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Now the Details

Media, ethics, and journalism. What works. What doesn't.

Jeffrey Dvorkin

Sunday, December 28, 2014

Is the CBC More Toxic Than Other Media?

In one particular sense, yes. Jian Ghomeshi has left a stain on the public broadcaster that will not be erased so quickly. Even in the unlikely event that he is found not guilty of assault, the memory will remain.

Inside the CBC, morale has plummeted. I’m told, it's slowly recovering.

Outside the CBC, it has not. 

Recently a group of (mostly) female students asked me if it's safe for them to work at the CBC. I was taken aback by the question. But it means that CBC management has a lot of work to do to correct both the appearance and the reality of what it is like to work for the public broadcaster.

In the media, Ghomeshi has opened journalism’s irresistible tendency to schadenfreude.

Among them, Anne Kingston in Maclean's Magazine stands out. She accuses the CBC of abetting Ghomeshi. John Doyle in the Globe and Mail has been similarly tough.

CBC management missteps haven’t helped. Awkward interviews on The National and on 
the fifth estate, have reinforced the idea that management knew about this, but tried to avoid dealing with it.

Recent revelations of managerial backsliding over the issue of paid speeches by high profile CBC journalists have also contributed to the sense of a rudderless public broadcasting.

But how true are the allegations of toxicity?

Neil Macdonald is the CBC’s Senior Washington Correspondent. He is also a well-known contrarian about most issues.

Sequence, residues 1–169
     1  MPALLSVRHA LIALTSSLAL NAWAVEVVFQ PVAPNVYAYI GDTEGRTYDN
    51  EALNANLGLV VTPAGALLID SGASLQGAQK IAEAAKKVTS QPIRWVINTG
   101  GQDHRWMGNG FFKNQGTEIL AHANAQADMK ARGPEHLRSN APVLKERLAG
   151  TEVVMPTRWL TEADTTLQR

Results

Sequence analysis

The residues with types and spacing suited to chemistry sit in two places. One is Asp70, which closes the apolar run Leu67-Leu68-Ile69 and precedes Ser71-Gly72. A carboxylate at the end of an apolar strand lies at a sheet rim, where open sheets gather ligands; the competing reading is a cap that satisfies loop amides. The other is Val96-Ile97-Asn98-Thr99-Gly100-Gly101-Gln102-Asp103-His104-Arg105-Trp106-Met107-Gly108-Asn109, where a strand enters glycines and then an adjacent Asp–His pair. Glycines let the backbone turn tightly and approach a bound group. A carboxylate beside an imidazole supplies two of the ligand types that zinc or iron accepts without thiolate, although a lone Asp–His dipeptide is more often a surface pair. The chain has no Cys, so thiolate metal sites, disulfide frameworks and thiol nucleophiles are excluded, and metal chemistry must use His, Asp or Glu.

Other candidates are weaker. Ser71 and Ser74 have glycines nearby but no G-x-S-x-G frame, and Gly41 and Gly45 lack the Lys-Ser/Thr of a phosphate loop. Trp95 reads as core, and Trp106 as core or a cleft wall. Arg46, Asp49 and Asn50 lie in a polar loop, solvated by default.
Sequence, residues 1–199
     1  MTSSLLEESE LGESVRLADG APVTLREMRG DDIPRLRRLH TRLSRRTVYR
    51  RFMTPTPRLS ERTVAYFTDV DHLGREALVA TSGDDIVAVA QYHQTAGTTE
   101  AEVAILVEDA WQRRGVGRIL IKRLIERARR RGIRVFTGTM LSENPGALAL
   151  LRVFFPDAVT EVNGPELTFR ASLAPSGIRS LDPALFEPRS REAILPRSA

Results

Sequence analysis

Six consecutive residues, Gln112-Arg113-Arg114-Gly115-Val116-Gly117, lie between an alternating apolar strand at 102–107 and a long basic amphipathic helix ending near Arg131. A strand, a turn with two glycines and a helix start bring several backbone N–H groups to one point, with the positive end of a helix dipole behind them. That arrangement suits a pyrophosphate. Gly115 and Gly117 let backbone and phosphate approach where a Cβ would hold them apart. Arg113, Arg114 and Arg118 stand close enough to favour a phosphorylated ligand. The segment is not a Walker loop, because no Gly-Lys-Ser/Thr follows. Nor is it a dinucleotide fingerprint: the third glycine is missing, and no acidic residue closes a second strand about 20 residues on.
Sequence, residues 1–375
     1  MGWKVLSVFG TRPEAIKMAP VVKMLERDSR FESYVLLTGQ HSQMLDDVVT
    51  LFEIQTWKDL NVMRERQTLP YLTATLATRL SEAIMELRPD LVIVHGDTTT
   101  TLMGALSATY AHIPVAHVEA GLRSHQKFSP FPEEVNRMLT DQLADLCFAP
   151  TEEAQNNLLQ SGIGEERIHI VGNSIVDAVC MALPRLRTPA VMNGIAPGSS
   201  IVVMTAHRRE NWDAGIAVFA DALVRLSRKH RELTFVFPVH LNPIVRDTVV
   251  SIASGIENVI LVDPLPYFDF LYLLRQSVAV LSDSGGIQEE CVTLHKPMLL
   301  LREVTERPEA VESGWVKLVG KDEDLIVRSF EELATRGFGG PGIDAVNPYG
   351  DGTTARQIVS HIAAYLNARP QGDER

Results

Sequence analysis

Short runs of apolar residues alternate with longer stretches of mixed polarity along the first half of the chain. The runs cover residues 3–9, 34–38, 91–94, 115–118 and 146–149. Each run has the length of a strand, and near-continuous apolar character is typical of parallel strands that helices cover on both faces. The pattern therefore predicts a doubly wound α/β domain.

On Facebook, he has taken the view that the CBC is no more and no less toxic than newsrooms in general:

CBC is a big place, and while I will stipulate that Ghomeshi's Q was by all accounts a nightmarish place to work, I repeat that have never seen any "toxicity" in the parts of CBC where I've worked.

I've had editors say sarcastic and even mean things to me over the years, including a senior CBC boss who called me an idiot more than once, and I'm still alive. I've always thought newsrooms are rough and tumble. I even expect them to be. I'd have gone into social work if I wanted something nurturing.

Neil is right - up to a point. In my experience, the newsroom can be a rough-and-tumble sort of place. And newbies can often be subjected to a certain amount of razzing. As a boss once described it, “it’s a place of sharp elbows.”

But Neil misses the point about the nature of newsrooms today. While Neil has been through more than a few newsroom dust-ups and survived, I sense that for entry level journalists, it’s a much tougher place than it once was.

I hear from my students who are lucky enough to land internships - usually unpaid. And they let me know how happy they are to finally land something that comes with a paycheque, even if it is only on a limited term contract with no benefits. 

But as media organizations thin out, the pressure on the newcomers is more than it was in my day - and I would suggest, when Neil Macdonald was starting out.

These young journalists are part of the new media “precariat.” They are unsure how long they might last. They need to be nice to everyone. They are often subjected to harassment by people who could control their futures.

Are newsrooms toxic? That may be overstating it. But CBC management seemed willing to tolerate a higher level when it involved certain “stars.” 

If news organizations are going to thrive in these economically insecure times, they will have to find way to lower the toxicity even if it can never be entirely eliminated. They need to do this if they want to nurture the next generation of journalists. 

Especially at the CBC.

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